The question is:  Which voicing is best for choirs containing early adolescent voices — unison, two, three, or four parts?   The number of boys enrolled in the choir provides the answer.  If there are numerous girls and only two boys, it is very difficult to perform four-part music with two boys’ parts.  On the other hand, if there are numerous girls and at least four boys, directors may be surprised at how successfully the choir can sing four parts.  Some directors are inclined to place all the boys (if there are as few as four) on one part and divide the girls into two groups (Soprano I and II), thinking that four boys can balance ten girls on each part better than two boys.  If all four boys are cambiatas or if they are all baritones, that is sound logic; but if there are at least two cambiatas and two baritones, consider this reasoning.  Contemplate the comfortable singing tessitura of both cambiatas (from A below middle C to A above middle C) and baritones (D, middle line in the bass clef up to D above middle C).  If they sing together comfortably, they must sing a part that has an overall compass of A (top line, bass clef) upward to D (above middle C), only an interval of a fourth. Directors may choose a part that is written with an overall compass of F (fourth line, bass clef) to F (above middle C), which represents a composite overall range capability of both voices, a full octave which is the range found in more SABoys music (Some SABoys music limits the range from F-D around middle C).  In either case, there are problems when the boys sing the part together.  The part will keep the baritones in the upper area of their voices all the time, which causes vocal tension, poor intonation, and unhealthy vocal results.  The same part will keep the cambiatas in the lower area of their voices all the time, which does not allow them to use the most comfortable and best-sounding tones of their vocal instruments, the tones of D (above middle C) upward to G.  Therefore, none of the boys will be able to sing in the best area of his voice.  Putting them together hampers both cambiatas and baritones.  If the two cambiatas and two baritones are allowed to sing two separate parts written specifically for them, parts that permit the boys to use the most comfortable singing area and best tones of each, two boys are more likely to balance ten girls than are four boys who are hampered by the part they must sing.  Further, since the cambiata part (Part III in four-part music) is written in the treble clef it is possible to put some of your girls on Part III although as a director, you must think about it as a boys’ part.  Psychologically it is better for the girls to help the boys than to call it a girls’ part which boys generally do not like to sing.  It is advisable to choose different girls for various songs because Part III keeps the girls singing almost predominantly in chest phonation which is detrimental to their vocal flexibility and may limit their vocal prowess as they grow older.  Girls at this age need to learn how to sing the full compass of the voice which definitely includes head phonation.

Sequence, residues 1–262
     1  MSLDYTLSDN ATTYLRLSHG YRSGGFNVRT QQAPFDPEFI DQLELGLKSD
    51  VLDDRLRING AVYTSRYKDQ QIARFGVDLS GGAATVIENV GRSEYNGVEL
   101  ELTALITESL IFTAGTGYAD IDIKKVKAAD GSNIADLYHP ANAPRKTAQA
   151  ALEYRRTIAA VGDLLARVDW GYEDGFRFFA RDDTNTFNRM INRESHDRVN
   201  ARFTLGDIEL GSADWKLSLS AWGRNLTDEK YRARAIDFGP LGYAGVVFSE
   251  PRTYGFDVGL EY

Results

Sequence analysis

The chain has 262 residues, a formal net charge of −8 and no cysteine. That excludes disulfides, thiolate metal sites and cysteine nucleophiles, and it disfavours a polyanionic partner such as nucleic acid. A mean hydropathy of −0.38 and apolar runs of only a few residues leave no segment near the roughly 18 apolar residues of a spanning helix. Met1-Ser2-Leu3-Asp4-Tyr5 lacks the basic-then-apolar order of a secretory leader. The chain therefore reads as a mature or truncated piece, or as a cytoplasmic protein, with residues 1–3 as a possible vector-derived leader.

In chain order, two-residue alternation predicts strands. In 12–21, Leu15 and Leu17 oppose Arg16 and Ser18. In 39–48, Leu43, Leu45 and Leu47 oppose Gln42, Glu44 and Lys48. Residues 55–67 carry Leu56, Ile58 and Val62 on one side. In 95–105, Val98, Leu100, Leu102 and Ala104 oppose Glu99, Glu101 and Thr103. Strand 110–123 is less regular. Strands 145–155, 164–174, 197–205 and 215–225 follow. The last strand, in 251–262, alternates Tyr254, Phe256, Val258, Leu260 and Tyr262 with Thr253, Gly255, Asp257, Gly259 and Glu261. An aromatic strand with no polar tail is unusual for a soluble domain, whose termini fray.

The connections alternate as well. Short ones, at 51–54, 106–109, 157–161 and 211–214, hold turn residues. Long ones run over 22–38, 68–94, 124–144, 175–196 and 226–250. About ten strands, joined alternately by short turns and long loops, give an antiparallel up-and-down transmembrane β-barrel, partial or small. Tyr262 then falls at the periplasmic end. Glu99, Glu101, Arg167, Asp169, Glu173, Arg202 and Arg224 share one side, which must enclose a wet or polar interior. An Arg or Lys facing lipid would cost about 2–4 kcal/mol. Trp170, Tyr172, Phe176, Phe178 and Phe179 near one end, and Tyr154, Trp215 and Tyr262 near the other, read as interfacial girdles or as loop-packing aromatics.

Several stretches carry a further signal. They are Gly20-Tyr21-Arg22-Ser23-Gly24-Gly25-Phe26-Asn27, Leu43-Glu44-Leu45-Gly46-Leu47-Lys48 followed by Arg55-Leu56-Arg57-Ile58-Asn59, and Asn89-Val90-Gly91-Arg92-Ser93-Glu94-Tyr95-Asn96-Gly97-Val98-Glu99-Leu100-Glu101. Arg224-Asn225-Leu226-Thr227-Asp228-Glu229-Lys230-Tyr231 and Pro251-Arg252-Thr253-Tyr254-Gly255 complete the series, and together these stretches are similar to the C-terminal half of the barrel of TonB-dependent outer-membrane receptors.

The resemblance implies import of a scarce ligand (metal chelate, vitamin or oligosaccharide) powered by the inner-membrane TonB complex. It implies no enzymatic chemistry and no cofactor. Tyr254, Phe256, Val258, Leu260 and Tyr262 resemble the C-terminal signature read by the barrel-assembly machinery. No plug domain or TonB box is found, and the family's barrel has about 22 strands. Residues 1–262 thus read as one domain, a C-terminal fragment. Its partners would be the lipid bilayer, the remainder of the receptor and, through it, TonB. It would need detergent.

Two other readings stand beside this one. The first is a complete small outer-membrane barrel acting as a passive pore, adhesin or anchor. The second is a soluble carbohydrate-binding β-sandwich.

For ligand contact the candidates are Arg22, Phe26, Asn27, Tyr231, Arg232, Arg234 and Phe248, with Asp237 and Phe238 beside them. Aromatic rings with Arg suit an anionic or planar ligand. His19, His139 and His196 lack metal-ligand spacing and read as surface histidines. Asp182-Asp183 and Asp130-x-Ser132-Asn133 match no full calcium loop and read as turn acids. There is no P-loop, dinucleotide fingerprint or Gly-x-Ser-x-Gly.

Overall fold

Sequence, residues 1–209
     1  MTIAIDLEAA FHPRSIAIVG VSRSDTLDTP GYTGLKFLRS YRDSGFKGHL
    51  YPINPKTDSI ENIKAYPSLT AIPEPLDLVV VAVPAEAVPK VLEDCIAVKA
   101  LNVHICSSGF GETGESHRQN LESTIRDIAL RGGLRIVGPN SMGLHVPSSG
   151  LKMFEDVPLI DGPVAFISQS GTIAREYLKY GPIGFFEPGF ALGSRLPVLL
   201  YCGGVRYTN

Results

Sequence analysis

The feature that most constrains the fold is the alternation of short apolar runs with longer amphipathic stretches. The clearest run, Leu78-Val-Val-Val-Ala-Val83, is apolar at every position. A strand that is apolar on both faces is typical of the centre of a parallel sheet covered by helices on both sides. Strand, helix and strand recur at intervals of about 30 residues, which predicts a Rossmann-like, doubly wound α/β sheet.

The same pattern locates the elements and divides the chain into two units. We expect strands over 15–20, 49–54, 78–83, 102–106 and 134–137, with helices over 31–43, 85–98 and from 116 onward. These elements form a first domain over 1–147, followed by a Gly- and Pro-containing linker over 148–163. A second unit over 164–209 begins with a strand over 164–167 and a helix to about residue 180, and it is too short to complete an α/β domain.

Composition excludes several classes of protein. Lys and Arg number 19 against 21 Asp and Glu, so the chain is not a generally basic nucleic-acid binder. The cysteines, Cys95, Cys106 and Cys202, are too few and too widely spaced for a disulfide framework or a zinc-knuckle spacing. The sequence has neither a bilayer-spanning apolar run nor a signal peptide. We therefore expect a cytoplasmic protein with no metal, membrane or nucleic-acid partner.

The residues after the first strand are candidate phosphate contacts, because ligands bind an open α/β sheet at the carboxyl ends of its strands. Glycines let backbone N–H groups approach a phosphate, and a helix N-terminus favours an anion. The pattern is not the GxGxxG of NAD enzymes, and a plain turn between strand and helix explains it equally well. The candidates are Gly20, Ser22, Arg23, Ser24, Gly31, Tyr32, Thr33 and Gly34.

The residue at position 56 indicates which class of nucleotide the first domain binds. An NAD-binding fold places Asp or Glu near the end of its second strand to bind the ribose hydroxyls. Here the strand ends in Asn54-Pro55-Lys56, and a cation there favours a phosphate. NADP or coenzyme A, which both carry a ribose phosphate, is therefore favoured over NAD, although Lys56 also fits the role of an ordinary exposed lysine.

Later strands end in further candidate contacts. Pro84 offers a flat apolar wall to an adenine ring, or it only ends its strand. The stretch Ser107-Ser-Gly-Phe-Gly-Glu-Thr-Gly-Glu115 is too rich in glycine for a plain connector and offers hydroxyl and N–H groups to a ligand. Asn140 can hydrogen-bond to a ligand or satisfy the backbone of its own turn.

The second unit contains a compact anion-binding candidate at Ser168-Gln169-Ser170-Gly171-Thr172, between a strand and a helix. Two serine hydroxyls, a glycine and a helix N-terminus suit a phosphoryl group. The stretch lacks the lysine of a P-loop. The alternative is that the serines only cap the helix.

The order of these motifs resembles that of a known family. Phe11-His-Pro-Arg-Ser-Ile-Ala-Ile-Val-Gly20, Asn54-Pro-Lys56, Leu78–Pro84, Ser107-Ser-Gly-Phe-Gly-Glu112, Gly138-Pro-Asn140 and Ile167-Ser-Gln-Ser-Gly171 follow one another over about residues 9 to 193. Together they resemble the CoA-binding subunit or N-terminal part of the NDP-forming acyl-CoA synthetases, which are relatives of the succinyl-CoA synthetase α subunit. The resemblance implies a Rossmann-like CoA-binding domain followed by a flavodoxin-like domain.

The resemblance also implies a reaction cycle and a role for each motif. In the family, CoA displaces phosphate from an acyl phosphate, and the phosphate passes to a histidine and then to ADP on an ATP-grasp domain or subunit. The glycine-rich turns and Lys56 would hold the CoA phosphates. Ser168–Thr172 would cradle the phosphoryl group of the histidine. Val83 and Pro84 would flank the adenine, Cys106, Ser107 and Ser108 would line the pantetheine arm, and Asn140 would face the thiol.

The bottom line is that early-adolescent choirs almost always will function better singing music with two boys’ parts (four parts total rather than three or less), provided those parts are written to accommodate their vocal limitations.